Criminal’s £1.6million bill for unpaid tax on earnings

A convicted fraudster who was forced to repay more than £1million to victims of a property scam has now been ordered to pay £1.6million in tax on his earnings from drug dealing.

Former night club boss Gary Robb, aged 54, was ordered to repay £1.3m last year after he defrauded 57 victims into buying properties in a northern Cyprus development. Not a single house in the Amaranta Valley was completed by his firm AGA Developments.

In last year’s landmark civil recovery action the National Crime Agency (NCA) used the 2002 Proceeds of Crime Act to take the money from the scammer and have it returned to his victims.

Using tax powers under the act, the NCA has now successfully argued that Robb was liable for £1.6million made up of tax assessments, penalties, national insurance and unpaid interest on his income from drug dealing.

In 1997 Robb fled to Cyprus after allowing his nightclub, the Colosseum in Sunderland, to be used to supply cocaine, amphetamine and cannabis.

In 2009 he was forcibly removed to the United Kingdom, where he was arrested, convicted and in 2010 sentenced to five years imprisonment.

After serving a year he was extradited to Cyprus under a European Arrest Warrant and was jailed for 11 months for illegally using the development land.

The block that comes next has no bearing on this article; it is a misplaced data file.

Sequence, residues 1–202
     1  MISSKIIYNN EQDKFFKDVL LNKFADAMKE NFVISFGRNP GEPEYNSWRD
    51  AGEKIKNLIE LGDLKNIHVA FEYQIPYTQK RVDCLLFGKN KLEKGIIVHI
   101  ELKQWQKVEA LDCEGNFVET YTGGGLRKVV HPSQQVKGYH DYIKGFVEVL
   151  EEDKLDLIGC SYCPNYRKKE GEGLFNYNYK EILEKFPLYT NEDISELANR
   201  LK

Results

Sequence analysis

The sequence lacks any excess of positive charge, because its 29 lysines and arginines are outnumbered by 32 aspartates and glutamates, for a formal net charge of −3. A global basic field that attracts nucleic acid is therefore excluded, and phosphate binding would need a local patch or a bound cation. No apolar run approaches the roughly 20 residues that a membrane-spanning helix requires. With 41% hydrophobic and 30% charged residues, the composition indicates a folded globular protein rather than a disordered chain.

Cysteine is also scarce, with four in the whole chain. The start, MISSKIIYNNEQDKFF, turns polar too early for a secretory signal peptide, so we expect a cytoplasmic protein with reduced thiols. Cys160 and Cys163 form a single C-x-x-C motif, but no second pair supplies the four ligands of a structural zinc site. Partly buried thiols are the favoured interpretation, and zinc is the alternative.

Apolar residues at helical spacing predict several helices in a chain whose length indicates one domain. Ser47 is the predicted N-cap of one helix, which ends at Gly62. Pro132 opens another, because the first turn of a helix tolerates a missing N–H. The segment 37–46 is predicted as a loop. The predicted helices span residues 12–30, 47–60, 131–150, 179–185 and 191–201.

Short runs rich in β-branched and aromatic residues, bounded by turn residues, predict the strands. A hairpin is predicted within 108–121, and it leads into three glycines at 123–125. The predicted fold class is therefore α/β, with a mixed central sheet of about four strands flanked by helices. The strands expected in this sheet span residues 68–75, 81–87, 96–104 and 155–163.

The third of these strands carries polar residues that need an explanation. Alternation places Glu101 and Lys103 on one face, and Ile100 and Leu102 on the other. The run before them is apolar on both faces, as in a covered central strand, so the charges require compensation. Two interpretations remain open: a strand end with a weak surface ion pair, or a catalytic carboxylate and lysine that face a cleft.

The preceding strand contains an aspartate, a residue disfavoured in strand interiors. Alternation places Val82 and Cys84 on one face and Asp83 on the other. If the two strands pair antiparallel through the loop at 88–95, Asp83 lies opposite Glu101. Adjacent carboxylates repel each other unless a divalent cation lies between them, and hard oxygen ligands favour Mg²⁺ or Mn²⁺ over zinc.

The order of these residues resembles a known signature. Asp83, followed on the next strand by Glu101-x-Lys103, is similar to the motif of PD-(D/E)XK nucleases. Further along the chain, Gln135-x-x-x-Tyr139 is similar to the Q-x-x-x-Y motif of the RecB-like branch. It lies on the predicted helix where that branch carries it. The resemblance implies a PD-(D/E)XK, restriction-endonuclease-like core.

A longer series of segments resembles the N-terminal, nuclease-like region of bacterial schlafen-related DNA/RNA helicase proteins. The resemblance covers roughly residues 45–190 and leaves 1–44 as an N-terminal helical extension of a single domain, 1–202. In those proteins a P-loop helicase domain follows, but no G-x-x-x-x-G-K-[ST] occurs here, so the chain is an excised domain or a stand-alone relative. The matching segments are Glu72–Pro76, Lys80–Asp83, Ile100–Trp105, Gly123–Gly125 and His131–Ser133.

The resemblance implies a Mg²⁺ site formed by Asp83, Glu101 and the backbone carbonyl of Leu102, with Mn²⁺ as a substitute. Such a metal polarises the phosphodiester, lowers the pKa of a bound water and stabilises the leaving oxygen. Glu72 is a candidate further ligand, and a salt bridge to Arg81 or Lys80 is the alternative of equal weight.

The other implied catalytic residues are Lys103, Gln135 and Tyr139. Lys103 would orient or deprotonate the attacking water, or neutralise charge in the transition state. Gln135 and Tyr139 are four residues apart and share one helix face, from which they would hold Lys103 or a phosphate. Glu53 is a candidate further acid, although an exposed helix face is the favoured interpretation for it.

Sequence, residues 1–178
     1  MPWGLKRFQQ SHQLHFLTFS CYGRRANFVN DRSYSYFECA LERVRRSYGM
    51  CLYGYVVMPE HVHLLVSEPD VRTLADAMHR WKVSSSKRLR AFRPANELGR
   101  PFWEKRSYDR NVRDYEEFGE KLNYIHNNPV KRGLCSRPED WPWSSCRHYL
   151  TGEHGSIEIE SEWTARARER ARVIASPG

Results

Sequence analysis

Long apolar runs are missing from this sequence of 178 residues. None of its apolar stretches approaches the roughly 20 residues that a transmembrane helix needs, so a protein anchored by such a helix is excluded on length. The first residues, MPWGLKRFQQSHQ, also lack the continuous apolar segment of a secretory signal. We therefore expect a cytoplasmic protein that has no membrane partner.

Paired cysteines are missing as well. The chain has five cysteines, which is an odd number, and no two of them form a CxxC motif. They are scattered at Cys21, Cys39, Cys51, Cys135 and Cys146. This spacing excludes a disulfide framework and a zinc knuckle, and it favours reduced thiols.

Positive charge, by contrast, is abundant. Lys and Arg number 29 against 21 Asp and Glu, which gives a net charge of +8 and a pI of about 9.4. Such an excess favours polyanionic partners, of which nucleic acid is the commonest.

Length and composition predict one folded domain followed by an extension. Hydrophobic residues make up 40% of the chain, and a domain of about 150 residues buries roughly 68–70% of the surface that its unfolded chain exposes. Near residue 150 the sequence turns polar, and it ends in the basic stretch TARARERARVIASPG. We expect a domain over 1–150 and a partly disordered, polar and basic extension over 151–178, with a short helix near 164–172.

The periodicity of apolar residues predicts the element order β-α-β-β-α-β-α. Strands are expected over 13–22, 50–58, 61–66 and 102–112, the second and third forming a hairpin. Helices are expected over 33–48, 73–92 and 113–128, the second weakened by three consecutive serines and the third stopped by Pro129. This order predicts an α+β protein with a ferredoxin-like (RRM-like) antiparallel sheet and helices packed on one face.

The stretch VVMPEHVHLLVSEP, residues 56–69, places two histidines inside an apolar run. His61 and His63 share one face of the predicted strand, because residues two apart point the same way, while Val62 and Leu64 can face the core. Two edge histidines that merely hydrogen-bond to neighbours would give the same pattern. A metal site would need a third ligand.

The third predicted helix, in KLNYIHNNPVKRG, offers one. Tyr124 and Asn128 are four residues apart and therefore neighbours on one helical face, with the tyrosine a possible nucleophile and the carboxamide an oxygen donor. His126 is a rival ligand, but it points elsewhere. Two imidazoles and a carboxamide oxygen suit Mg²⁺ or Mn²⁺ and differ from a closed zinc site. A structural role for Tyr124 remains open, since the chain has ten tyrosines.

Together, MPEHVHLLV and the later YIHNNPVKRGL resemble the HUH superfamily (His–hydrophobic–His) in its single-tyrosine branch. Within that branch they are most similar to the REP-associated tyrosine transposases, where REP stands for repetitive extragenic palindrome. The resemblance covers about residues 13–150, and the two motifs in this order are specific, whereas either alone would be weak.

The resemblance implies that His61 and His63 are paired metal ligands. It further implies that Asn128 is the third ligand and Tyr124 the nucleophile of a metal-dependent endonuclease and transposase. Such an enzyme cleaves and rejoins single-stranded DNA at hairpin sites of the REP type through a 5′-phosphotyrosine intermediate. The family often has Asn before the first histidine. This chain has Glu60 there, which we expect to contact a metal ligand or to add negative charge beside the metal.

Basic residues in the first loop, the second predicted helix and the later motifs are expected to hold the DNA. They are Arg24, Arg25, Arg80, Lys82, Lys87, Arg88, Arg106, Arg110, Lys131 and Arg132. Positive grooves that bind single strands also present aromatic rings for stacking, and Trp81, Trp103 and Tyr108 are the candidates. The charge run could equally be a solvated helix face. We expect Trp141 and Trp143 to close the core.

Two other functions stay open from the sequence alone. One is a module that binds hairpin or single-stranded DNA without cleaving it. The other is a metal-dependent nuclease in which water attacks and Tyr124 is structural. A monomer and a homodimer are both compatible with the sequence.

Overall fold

Following last year’s ruling at the Royal Courts of Justice Donald Toon, director of the NCA’s Economic Crime Command, said the agency did everything it could to deprive crooks of assets won from criminality.

Today, he said: “The NCA is tenacious in using every legal avenue available to hit crooks where it hurts.

“In this case we have used our unique tax powers under part six of the Proceeds of Crime Act to pursue Robb for his profits.

“It might seem unusual that a drug dealer can be penalised for not paying tax and interest on his earnings but this is a powerful and important tool to reduce the funds which can otherwise be diverted into supporting further criminality.”

The NCA alleged that Robb received between £5,000 and £10,000 per week from the drugs trade at the Colosseum which was then spirited out to Cyprus.

Robb appealed against the NCA’s tax assessments and penalty determination but it was dismissed by a tribunal on the 16th September.

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